Diane Prather's columns appear in the Craig Daily Press and Saturday Morning Press. You can call her at 824-8809.
Craig This week's column is very special because it features some very old recipes.
Today, most of us buy cheese at the grocery store, but this is how the late Mable Harness of Silt made "Cheese" years ago.
You need 3 gallons of milk fresh from the cow, which will be at 80 degrees. If you cannot get that much milk at one time, you can heat other milk to 80 degrees, but be sure the cream has been left in.
Dissolve 1/2 of a Rennet tablet in 1/4 cup of water. Also dissolve 1/4 of a color tablet in 1/4 cup of water.
Mix each tablet in the water separately and then add to the 80-degree milk. Let set for half an hour or until you can cut the milk in chunks with a knife.
Heat and stir all the time until it reaches 98 degrees.
Let set until the curds go to the bottom. Drain by putting cheesecloth in a colander. Salt to taste. Put the mixture on a press.
A press is made from a can with holes punched in it (to allow the liquid to drain out) and a lid. Line the can with a cheesecloth.
Put wood on top, where the lid is, except that the wood should be smaller than the lid so it will go down in the can. Weigh down with something heavy, such as a rock. The wood will go down as the cheese gets smaller.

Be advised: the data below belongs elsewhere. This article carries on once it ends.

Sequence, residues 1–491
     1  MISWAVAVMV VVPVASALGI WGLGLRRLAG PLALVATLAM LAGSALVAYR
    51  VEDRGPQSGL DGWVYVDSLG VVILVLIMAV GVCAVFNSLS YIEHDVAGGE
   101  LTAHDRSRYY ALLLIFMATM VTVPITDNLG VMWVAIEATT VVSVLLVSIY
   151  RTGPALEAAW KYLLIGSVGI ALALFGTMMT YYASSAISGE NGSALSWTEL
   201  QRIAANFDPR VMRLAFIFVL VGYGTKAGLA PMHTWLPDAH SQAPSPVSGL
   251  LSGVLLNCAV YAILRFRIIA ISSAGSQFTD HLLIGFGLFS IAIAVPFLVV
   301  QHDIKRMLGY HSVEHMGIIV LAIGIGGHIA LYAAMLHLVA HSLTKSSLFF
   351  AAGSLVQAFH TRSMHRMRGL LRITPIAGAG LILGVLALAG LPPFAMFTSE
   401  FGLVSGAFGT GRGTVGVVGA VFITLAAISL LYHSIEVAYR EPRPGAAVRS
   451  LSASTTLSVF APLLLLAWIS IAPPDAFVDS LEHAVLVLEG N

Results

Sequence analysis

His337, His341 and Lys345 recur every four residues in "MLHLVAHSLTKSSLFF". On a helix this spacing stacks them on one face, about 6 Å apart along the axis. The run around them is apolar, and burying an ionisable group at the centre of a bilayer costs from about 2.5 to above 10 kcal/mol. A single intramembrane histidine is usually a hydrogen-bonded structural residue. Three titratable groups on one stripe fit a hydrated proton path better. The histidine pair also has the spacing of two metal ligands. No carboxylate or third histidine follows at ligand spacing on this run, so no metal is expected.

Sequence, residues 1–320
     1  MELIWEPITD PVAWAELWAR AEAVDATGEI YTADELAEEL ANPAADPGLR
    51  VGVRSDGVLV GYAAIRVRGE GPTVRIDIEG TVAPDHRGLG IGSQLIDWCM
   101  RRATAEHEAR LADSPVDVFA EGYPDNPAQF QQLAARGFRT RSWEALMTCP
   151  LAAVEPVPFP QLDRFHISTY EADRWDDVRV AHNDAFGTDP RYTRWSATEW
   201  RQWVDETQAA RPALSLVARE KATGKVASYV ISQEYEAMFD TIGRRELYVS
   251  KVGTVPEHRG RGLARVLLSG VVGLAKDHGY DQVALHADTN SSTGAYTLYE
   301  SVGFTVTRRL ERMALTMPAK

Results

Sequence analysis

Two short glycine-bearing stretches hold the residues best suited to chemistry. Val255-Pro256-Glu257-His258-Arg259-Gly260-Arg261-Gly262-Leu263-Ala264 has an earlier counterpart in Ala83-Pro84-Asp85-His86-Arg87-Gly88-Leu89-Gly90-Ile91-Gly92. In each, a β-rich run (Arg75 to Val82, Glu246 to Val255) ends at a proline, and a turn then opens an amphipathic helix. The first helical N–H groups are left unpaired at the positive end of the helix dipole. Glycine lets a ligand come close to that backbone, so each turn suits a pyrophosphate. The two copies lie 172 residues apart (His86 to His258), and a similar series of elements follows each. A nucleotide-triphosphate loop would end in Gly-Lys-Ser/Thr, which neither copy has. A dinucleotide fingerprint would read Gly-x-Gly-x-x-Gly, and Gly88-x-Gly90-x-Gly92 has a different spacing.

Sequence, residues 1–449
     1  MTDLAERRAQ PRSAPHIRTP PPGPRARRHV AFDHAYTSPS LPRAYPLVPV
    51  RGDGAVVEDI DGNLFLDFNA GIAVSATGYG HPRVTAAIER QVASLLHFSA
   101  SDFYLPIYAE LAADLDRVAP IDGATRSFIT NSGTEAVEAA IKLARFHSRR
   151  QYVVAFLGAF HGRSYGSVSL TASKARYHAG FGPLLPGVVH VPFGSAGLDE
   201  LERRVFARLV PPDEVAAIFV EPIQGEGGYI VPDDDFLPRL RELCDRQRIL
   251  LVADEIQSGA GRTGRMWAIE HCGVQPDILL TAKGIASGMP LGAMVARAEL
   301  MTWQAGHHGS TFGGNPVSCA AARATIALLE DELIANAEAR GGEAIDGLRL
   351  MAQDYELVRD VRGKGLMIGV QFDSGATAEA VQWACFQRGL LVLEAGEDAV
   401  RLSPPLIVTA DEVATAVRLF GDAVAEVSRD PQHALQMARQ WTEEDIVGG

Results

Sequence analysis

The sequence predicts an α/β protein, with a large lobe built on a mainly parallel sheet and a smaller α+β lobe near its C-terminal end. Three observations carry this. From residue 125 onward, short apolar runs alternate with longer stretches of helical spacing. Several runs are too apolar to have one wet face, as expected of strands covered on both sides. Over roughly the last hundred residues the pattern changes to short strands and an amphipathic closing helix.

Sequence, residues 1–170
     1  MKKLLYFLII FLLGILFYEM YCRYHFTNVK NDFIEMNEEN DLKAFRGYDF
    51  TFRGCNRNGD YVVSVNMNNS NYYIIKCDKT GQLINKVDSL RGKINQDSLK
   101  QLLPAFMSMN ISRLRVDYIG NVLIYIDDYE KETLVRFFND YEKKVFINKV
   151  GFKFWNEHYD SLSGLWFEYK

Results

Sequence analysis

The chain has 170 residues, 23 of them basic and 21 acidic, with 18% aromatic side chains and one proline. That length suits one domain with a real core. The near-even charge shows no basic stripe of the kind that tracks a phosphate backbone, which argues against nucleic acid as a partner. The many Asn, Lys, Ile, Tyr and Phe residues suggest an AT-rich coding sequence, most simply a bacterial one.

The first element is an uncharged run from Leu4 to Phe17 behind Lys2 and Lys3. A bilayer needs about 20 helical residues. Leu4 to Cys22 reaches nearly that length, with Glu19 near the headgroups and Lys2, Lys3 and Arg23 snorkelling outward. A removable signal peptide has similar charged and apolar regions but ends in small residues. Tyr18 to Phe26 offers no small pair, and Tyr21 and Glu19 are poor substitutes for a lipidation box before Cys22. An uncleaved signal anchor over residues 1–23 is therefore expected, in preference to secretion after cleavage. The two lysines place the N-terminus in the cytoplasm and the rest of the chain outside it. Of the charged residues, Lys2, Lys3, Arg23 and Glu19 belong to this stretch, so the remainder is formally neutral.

This recipe yields about a pound of cheese, depending on the whey.
Add 4 tablespoons of butter, 3/4 teaspoon of soda, and 1 1/2 teaspoons salt. Press down in a pan for two hours, in a warm place.
Add 2/3 cup of sour cream. Put it all in a double boiler and melt. Cook until clear, like honey. Pour into a buttered mold and cool. Age for at least two weeks before slicing, wrap in cheesecloth and Saran wrap. Age as long as you wish.
Butter coloring can be added for richer color.
"Hurd Mustard" is made from the following ingredients:
• 1/2 pound of 8 gram can mustard (Schilling or Coloman dried)
• 1/2 pound of 1 cup flour
• 1/2 pound or 1/2 cup sugar
• 1 tablespoon salt
• 1 tablespoon oil and butter
• 1 tablespoon chili powder
• 1 quart vinegar
Mix together. Let stand at least five days before using. Or bury underground in a manure pile for two years! (The recipe's contributor says the mustard is not good unless it stands for at least five days, but as for burying it in a manure pile, she doesn't know. It was written on the recipe when she got it).
Thanks for the old recipes. Now it's your turn. Send new or old recipes to me at Box 415, Craig 81626 or call 824-8809.